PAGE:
Here is a true story. Lex, a Tucson friend of mine who has hit upon hard times, visited us at Kalimba Magic the other day. Months earlier he had given away his beloved African-tuned karimba so he could put a bad relationship which had included that karimba into the past.

But he really needed to make music, and he came over to see what instrument I had that might speak to him. While we were talking, we wandered past where Sara was editing the new A minor Karimba book, with an A minor karimba next to her that she would play occasionally for reference.

Lex picked up the A minor Karimba and began plucking - and his jaw dropped. Then he smiled and laughed and said "Mysterious and enchanting!" I glanced at Sara's computer screen, but no, the computer was not open to the back cover of the eBook that declares this tuning is "Enchanting and mysterious."  

Obviously the A minor karimba is mysterious and enchanting and Lex went home with an A minor karimba that day.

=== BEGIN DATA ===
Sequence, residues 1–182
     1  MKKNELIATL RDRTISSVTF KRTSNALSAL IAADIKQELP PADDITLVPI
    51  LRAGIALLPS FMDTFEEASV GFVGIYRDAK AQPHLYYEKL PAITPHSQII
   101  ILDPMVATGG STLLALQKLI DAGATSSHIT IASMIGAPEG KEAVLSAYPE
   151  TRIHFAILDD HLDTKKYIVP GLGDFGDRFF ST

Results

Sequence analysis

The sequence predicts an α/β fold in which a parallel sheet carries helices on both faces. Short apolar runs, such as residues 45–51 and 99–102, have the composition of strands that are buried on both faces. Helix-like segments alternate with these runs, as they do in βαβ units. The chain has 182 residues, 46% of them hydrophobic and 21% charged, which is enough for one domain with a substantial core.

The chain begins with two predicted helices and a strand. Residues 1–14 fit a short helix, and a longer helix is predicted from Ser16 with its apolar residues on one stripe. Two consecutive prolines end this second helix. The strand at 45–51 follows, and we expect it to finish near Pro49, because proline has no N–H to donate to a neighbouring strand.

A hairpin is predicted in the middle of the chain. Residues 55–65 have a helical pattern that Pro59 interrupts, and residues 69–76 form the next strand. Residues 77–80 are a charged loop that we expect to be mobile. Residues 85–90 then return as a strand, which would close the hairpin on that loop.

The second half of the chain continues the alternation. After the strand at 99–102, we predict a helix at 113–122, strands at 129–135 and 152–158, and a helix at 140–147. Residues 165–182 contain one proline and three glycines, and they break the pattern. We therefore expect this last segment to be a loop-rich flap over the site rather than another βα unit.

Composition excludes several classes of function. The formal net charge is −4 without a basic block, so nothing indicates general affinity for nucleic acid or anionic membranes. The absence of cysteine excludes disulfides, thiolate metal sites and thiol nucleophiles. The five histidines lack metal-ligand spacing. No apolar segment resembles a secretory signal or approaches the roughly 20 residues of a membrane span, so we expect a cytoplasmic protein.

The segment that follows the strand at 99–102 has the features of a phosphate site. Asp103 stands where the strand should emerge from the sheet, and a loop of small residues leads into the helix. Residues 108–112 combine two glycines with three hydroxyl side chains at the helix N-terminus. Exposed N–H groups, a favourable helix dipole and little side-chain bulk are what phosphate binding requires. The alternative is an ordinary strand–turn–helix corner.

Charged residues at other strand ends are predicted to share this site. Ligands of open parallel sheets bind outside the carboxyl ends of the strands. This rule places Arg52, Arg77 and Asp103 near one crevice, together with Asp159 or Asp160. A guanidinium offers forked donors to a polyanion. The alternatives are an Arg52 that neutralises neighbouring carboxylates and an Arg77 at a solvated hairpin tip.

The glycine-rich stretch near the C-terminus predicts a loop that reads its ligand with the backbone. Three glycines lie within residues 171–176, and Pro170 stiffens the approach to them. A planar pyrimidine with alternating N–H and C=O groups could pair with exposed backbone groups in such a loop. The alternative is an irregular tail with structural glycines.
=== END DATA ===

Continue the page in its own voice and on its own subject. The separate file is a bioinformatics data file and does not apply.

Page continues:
Yes, Lex's new karimba was the same as the one he'd recently let go of, but in the A minor tuning, it plays quite different music. What a joy!

10 May 2019

The Student Karimba - A Great Introduction to African Music

Written by Mark Holdaway, Posted in News and Announcements

Called the "Original Mbira" and the "Kalimba Core" by Andrew Tracey

The Student Karimba - A Great Introduction to African Music

I have heard from people who were disappointed because they bought "too much kalimba" for themselves - meaning they got more notes than they were prepared to deal with (often, 15 or 17 notes turns out to be too many notes for a beginner). For these people, I recommend they start with a 10-note instrument, as this will be easier to get your head around than the larger kalimbas.